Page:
Digging deeper, there are five specific sources for additional start-ups that could collectively double the number of start-ups being founded in the year 2030, to a total of 5800 (Exhibit 2). Taking ramp-up effects into account, this translates to a 50 % increase in the total number of start-ups founded in the timeframe between now and 2030, or 41000 start-ups in that timeframe.
More spin-offs coming out of universities and research institutions. Universities are already home to the research and innovation that leads to innovative new businesses. Only a few universities, however, graduate students who go on to become founders. With curricula that expose students to and prepare students for entrepreneurship along with the resources that support innovation, start-up labs and universities could contribute to the launch of an additional 1350 start-ups annually in 2030.
Double the share of female founders. Women in Germany today are about as willing as men to build a company (48 %). 3 But when it comes to actually starting a company, there is a significant gender gap, with women only accounting for 16 of today’s founders. Only 5.2 % of women-led start-up teams have received EUR 1 million in funding compared with 27.8 % of those led by men. 4 Initiatives to bring greater gender parity to entrepreneurship, including increased access to both mentoring and financing for women, could add another 630 start-ups to Germany’s start-up ecosystem founded annually.
Double the share of founders without a university education. While there is potential for universities to be bigger launching pads for founders, investing in the potential of entrepreneurial-minded people without a university education is also a wise endeavor. Almost half of Germans with only a high school diploma express an interest in founding a company, 5 but of actual founders, less than 20 percent do not hold university degrees. Campaigns to highlight the successes of founders without university degrees and support those who might follow in their footsteps could lead to an 520 additional annual start-ups being founded in 2030 .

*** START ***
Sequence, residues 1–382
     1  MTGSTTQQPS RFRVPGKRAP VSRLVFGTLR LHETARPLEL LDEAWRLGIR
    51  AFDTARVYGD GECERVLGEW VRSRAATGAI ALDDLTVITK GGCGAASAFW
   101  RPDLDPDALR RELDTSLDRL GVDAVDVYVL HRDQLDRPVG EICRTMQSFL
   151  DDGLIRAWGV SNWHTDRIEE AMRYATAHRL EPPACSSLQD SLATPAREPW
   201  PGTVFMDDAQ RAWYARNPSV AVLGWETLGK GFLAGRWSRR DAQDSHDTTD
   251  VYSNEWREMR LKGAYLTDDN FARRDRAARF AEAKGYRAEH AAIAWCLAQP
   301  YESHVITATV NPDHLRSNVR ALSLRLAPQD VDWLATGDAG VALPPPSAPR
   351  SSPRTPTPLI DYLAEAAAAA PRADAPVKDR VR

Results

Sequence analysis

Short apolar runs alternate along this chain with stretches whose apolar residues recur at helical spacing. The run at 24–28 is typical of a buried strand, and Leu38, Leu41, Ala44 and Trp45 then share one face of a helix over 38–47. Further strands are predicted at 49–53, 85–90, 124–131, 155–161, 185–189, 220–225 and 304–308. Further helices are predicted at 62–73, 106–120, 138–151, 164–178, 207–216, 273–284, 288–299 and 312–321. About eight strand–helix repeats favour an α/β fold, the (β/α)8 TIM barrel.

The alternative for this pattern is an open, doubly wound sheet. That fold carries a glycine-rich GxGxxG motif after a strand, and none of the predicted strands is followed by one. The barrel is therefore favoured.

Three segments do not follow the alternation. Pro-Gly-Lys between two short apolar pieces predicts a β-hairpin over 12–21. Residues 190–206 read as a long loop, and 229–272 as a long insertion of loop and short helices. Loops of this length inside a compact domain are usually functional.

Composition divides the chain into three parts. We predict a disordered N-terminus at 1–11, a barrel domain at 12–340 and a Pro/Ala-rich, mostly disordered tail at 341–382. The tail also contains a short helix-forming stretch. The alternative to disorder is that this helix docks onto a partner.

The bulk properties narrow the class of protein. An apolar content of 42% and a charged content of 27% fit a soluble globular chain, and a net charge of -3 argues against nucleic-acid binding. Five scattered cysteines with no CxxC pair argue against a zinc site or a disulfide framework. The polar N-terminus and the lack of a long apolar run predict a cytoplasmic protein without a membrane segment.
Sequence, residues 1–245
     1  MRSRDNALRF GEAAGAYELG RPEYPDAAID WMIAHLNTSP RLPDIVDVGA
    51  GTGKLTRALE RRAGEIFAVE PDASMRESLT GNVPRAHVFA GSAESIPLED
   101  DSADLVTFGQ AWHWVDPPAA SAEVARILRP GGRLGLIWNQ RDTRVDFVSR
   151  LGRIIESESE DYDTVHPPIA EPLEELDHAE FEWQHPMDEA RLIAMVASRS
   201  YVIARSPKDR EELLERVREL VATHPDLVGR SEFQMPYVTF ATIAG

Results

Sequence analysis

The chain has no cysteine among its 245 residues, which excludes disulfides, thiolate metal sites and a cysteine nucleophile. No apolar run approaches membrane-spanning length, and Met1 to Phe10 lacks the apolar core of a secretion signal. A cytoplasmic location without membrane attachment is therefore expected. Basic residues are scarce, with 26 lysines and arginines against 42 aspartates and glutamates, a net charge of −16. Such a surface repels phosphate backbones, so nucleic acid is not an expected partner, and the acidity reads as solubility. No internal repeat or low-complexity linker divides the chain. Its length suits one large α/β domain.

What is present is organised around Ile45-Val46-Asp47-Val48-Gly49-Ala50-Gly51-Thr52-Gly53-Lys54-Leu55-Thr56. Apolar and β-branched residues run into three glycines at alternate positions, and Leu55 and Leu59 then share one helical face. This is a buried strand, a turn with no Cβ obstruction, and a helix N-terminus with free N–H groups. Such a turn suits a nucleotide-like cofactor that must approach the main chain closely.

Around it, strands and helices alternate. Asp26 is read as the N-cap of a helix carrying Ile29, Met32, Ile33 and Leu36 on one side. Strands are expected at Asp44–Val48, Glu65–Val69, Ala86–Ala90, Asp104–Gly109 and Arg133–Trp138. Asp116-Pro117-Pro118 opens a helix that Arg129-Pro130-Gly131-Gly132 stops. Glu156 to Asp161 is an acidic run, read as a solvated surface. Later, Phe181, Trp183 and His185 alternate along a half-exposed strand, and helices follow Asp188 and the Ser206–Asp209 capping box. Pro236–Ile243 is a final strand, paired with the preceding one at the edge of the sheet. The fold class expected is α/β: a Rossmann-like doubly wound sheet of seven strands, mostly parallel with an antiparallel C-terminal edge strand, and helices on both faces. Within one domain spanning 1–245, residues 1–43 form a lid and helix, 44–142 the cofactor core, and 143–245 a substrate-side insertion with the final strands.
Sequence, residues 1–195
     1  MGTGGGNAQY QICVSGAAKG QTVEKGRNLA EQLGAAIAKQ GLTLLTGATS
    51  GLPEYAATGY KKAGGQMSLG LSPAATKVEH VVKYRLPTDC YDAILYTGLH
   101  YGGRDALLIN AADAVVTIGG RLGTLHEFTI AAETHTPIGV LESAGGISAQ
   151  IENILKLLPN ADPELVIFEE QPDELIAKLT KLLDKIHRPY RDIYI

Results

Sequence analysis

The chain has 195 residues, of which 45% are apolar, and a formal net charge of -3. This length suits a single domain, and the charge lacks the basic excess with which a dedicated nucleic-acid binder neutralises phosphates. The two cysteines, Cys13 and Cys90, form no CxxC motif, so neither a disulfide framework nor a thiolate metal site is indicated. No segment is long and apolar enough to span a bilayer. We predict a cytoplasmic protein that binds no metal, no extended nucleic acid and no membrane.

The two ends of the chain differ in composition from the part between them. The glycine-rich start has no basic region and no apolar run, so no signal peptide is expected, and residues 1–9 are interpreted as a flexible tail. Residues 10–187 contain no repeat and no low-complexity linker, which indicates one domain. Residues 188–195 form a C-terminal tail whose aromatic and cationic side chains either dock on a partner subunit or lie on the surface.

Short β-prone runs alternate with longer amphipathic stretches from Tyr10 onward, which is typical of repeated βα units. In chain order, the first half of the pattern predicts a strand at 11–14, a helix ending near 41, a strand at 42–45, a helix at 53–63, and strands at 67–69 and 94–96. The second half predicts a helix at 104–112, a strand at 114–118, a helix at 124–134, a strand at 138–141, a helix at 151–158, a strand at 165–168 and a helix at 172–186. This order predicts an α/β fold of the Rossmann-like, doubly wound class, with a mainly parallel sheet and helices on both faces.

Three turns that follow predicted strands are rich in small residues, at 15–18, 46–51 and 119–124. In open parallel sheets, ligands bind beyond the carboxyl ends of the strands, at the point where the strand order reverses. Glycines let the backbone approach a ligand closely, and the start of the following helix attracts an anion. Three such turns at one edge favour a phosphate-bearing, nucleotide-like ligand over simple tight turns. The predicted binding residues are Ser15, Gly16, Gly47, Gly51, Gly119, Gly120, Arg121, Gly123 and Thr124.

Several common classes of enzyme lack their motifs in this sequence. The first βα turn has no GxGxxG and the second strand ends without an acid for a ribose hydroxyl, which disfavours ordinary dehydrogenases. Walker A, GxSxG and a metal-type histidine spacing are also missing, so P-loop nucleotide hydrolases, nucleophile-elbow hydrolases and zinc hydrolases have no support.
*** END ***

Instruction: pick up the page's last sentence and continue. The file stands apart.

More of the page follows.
More founders in their thirties. Looking at famous tech pioneers could easily give the impression that founders need to be barely out of university to become successful. But research has shown that the average age of a successful start-up founder is 45 years. 6 A collaboration between private employers and the public sector could enable employees to “try out” their own business via a paid leave of absence. Prospective founders could reduce the risk associated with quitting their jobs, and the start-up ecosystem could gain the benefit of innovators who bring real-world experience and higher chances of success. Programs such as this could help launch 220 additional start-ups founded annually in 2030.
Support migrant community talent pool. Today the migrant community or their descendants report higher interest in starting a company than their non-migrant peers (59 % and 49 %, respectively) but they make up only 20 % of current founders. 7 Systematic support of a growing talent pool could lead to 180 additional start-ups in Germany founded annually in 2030.
Fuelling start-ups’ success
Of course, increasing the number of start-ups over the coming decade would be only half the solution; making start-ups even more successful could be the other half. The metrics of success vary and are strongly dependent on founders’ aspirations for their companies. But with the right set of structures and mechanisms put in place, two general start-up categories—hypergrowth companies and the New German Mittelstand—could help drive such increased success.
Hypergrowth companies commit to raising money round after round, preparing for exits valued in the billions. Hypergrowth companies could represent 85 percent of the value of Germany’s start-up ecosystem by 2030. To get there, however, these companies need to secure late-stage funding, which has been challenging for German start-ups. From Series A to Series D, German start-ups become increasingly less likely than their US counterparts to raise money (Exhibit 3); overall, a US start-up is 1.5 times more likely to become a unicorn than its German peers. By increasing access to later-stage funding, nearly 75 additional German start-ups could become unicorns or successfully undertake an IPO between today and 2030. Additionally, governments could explore steps to make it easier for start-ups to attract and retain top talent access to international markets that facilitate growth.